Both of Mark's friends think he is such a cool kid. He's calm, relaxed, not worried or bothered by anything. What's the word for that kind of person? Long before 'hakuna matata', the Torres Strait Islander language of Kalaw Kawaw Ya had an amazing word for that! Kaynwoenag, the coolest word from the coolest people around.
Turn and talk: Do you know someone who is 'kaynwoenag'? When do you feel 'kaynwoenag'?
Drama: Pretend to be very annoyed, stressed and angry. Now pretend to be 'kaynwoenag'. How does you body change? How do your facial expressions change? How does your breathing change?
Art and Design: Look at the design of the Torres Strait Island flag then draw or paint your own Torres Strait Islander flag.
You're waiting in a long line. You're annoyed and bored, and you just had enough. Familiar? For sure. Do you have a word for that? Probably not. But the South Australian Arabana community does! Tyawi-tyawithirnda: A bit long, but not as much as the line for the toilet is in this episode!
Turn and talk: Can you think of time when you have felt a bit boxed in, bored and wanted to escape?
Geography: Find South Australia on a map of Australia.
Art and design: Draw or paint a long line of people waiting for something. Then write the word Tyawi-tyawithirnda above their heads. Describe your artwork to a friend. What are the people lining up for?
Imagine this: You're nervous. You're sweating. Baboom, baboom, baboom, your heart is beating relentlessly in your chest. The Yawuru people of Western Australia call that feeling 'bidbidgaja'. And as our heroes in this episode find out, most kids feel the same before a race. Ready, set, go!
Turn and talk: Tell a friend about a time when you felt so nervous your heart was beating.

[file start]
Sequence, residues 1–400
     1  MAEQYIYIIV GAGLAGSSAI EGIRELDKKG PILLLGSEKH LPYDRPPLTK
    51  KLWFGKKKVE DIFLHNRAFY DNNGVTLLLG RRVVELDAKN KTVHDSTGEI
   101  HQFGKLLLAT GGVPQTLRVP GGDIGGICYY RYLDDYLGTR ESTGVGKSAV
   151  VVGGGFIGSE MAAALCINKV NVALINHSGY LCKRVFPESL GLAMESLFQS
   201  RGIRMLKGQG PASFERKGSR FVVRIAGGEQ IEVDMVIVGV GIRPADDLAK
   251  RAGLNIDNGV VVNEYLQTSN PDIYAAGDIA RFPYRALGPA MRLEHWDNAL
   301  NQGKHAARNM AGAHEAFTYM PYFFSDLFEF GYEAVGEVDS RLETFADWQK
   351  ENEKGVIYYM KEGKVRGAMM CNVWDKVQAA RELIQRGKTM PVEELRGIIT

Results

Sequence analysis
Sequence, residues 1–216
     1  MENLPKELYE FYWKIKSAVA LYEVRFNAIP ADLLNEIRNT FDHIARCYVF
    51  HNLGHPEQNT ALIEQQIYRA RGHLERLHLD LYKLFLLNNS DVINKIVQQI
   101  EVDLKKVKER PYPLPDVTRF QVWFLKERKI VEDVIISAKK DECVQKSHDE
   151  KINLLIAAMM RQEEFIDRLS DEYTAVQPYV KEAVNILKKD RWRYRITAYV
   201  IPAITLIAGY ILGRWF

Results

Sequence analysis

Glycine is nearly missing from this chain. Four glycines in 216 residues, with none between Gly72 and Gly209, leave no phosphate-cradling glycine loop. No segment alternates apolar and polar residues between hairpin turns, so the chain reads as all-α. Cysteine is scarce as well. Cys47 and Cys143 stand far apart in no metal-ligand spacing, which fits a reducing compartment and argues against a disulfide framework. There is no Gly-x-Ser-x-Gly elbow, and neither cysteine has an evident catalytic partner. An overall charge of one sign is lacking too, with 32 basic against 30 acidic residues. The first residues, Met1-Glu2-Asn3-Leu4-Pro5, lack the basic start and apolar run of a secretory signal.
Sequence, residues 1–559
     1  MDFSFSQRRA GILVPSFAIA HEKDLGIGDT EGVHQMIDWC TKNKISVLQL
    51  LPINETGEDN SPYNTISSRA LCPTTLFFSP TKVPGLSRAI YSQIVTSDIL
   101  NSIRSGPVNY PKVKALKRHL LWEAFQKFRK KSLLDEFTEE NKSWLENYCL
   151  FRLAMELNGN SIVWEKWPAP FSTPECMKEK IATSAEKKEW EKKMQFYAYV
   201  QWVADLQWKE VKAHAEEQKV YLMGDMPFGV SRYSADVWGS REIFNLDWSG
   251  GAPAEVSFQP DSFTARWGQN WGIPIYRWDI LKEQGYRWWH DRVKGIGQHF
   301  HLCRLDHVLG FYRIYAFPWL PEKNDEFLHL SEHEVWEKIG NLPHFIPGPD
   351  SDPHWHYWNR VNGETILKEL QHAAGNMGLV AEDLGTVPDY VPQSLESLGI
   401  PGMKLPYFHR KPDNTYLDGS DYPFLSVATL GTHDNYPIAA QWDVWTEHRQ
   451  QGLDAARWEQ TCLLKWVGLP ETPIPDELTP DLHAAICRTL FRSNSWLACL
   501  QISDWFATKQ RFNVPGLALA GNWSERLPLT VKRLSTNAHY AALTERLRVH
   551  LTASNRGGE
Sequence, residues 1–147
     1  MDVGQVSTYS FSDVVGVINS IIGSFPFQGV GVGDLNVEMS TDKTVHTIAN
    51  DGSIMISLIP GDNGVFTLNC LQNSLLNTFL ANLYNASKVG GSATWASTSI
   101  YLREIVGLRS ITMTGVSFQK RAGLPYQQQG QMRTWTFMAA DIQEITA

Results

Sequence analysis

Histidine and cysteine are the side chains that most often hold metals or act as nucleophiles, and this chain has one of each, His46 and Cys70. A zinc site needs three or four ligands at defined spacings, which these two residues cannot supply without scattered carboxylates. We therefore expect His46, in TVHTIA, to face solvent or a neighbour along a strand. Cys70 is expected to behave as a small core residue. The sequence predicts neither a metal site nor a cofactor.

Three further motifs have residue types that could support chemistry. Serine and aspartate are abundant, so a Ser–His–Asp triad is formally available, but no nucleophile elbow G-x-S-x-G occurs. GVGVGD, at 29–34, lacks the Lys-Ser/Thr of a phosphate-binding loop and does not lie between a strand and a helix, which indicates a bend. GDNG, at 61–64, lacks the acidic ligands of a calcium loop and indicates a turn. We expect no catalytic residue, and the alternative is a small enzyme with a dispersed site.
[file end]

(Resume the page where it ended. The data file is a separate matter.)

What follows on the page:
Phonics: How many syllables in the word 'bidbidgaja'? Tap your chest while you say the word, as if your heart was beating loudly, and count the syllables.
The gymnastics instructor keeps fumbling when he tries to explain to his students a very specific action: lying on their belly. Luckily our friend from the Wajarri community in Western Australia comes to the rescue, with a word exactly for that: balajimanha. Aboriginal and Torres Strait Islander languages truly have words for everything!
Physical education: Play Simon Says or Captain's Coming and include the instruction 'balajimanha', meaning "lie down on your stomach".
Inferencing/higher-order thinking: The word balajimanha comes from the wajarri community in Western Australia where there is a lot of desert. Why might you need to tell someone to lie down on their stomach in the desert?
How do you explain to your best friends, without insulting them, that you want to come and play with them but you simply can't? The young girls in this episode face exactly that problem. The solution? Wanjil, the Kuku Yalanji word for that exact occasion. Friendship saved!
Turn and talk: When have you really wanted to play with your friends but you haven't been able to? Have you ever had to miss a party or a fun event because you had other things to do? Share your experiences with a partner or small group then choose one example for a role play. Perform the play for the class, make sure the person who can't come and play says 'Wanjil' to their friends!
Art: Draw or paint a self portrait showing how your face looks when you miss out on doing something fun. Include a thought bubble in your artwork with the word 'wanjil' inside it. You might want to look at your face in a mirror then copy your expression as you draw.
About Spread the Word
First Languages Australia partnered with Disney and Media Farm to produce this 10-part series, introducing unique terms from Indigenous languages across the country. The series was originally broadcast during NAIDOC Week in 2019, UNESCO's International Year of Indigenous Languages.
About First Languages Australia
Founded in 2013, advocacy group First Languages Australia partners with organisations to promote and support the use of Aboriginal and Torres Strait Islander languages in both Indigenous and non-indigenous communities. Members of these communities feature in Spread the Word.